Received 31 December 2015; accepted 17 June 2016; published 20 June 2016
More than thirty years ago  reported for the first time the discovery of a counterrotating core in the elliptical galaxy NGC 5813. Reference  reported not only that the core of the elliptical galaxy IC 1459 was counterrotating but also another challenging phenomenon, namely, that it was rotating about 4 times faster than the host galaxy. In the same year  had found that four out of seven slowly rotating large ellipticals presented rotating or counterrotating cores. Reference  also found a misalignment between the inner and the outer rotation axis in NGC 4765 and NGC 4406, concluding that in both galaxies the central core was decoupled from the main body. Studying the kinematics along the minor and major axis of 22 ellipticals  have found that 27% of them present a significant amount of minor axis rotation, what is expected if large ellipticals are tri-axial spheroids  . Reference  modeled numerically a merger between a large elliptical and a small companion, concluding that retrograde merging orbits might produce counterrotating cores, and that this type of core kinematical peculiarities can appear along the major, minor or intermediate axes.
A caveat of these models is that the smaller of the two merging galaxies has to have a core dense enough as to survive the tidal stripping and dynamical friction and to arrive hurtless to the very center of the main elliptical. Nevertheless  carried out HST +WFPC1 imagery of eight ellipticals with kinematically distinct core, arguing that the similarity in the central brightness distribution between these galaxies and “kinematically normal” ellipticals made it implausible a formation scenario in which small galaxies fell into big galaxies and dominated the light in the core region. Reference  have tackled this point through numerical simulations, showing that dissipationless accretion of a satellite is unlikely to form counter rotating cores in more than one percent of all ellipticals. The author claims that this low estimation results because even the densest satellites disrupt before reaching the large galaxy very center, forming a dense spherical core surrounded by a hot disk of particles of the large galaxy. Two new results further challenged the scenario of small satellites accretion to explain counter rotating cores in elliptical galaxies, namely, the discovery of kinematically distinct cores (KDCs, co- and counterrotating) in an increasing number of dwarf ellipticals with MB ≥ −19 magnitudes  -  and the striking similarity in the stellar content of the KDCs and the host galaxy    . Since the dwarf galaxies FS 76 and FS 373 reside in the groups of NGC 5044 and NGC 3258 respectively  propose that the slow co-rotating KDC in these galaxies might result from the harassment produced by the fly-by encounters with other galaxies. This scenario is valid to explain the counterrotating core of NGC 770 (satellite of NGC 772)  but not for explaining the origin of the counterrotating core of the nucleated galaxy VCC 510 in the Virgo cluster. With MB @ −15.1 magnitudes it is the smallest dwarf known up to now to show a counterrotating core  . As mentioned by the authors, cases like VCC 510 should not be expected more than one encounter every 400 galaxies in a Hubble time.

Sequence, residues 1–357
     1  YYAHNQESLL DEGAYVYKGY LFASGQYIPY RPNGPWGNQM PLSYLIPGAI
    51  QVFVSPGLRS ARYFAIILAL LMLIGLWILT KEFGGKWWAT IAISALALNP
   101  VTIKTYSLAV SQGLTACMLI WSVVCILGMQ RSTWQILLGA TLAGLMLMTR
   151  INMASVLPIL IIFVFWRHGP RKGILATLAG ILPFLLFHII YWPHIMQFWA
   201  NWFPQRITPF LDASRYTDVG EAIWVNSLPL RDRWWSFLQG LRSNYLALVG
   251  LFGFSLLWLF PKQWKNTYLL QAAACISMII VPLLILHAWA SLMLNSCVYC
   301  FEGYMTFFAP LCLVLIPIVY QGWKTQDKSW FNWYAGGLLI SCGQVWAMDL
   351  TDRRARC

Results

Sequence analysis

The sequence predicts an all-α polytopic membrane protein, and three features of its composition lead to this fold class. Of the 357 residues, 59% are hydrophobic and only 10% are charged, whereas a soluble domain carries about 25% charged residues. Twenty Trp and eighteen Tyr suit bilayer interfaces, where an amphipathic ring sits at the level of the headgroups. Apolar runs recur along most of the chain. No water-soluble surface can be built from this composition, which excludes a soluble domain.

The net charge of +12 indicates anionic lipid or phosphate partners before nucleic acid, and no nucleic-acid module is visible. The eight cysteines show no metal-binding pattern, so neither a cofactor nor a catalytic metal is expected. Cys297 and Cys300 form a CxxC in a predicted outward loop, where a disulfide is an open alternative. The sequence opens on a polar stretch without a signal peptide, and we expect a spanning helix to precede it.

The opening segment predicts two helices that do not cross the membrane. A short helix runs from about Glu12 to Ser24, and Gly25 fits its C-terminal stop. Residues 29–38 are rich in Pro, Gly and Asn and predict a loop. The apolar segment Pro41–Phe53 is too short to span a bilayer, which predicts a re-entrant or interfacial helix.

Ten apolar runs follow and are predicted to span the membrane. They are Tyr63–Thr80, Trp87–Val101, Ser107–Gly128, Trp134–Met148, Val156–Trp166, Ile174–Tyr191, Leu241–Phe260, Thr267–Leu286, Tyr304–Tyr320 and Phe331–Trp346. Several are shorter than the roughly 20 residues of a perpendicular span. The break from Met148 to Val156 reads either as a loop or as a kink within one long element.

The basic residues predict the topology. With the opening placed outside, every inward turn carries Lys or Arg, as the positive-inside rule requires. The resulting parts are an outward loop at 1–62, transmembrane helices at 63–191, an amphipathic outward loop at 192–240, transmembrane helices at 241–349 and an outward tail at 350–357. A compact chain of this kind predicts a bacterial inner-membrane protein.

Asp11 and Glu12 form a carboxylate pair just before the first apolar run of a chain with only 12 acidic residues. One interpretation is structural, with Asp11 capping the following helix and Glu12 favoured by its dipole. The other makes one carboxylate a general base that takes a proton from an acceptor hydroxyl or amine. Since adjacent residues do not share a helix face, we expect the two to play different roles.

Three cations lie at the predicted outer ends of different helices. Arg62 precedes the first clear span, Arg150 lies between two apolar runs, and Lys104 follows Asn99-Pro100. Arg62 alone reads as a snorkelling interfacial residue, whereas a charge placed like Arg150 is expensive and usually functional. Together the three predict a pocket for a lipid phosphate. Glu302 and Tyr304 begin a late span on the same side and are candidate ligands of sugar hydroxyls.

There is not an unified scenario for the KDC phenomenon, but a consensus seems to exist about the existence of decoupled central structures cores, in scales running from ten of parsecs up to two kiloparsecs in a variety of galaxies with brightness between −22 < MB < −16 magnitudes. We explore in this letter a rather simple issue, namely, up to which extent projection effects produce a mirage leading to consider as different phenomena those that are strikingly similar. It is one of the best know effects in observational kinematics that it is not possible to disentangle how a disk galaxy rotates only by knowing which of the lines of the nodes extremes is receding, it is also necessary to know which is the minor axis nearest side. A spheroid whose equatorial plane is centrally warped will present differentiated projected rotation curves, depending on the two disks relative position with respect to the plane of the sky.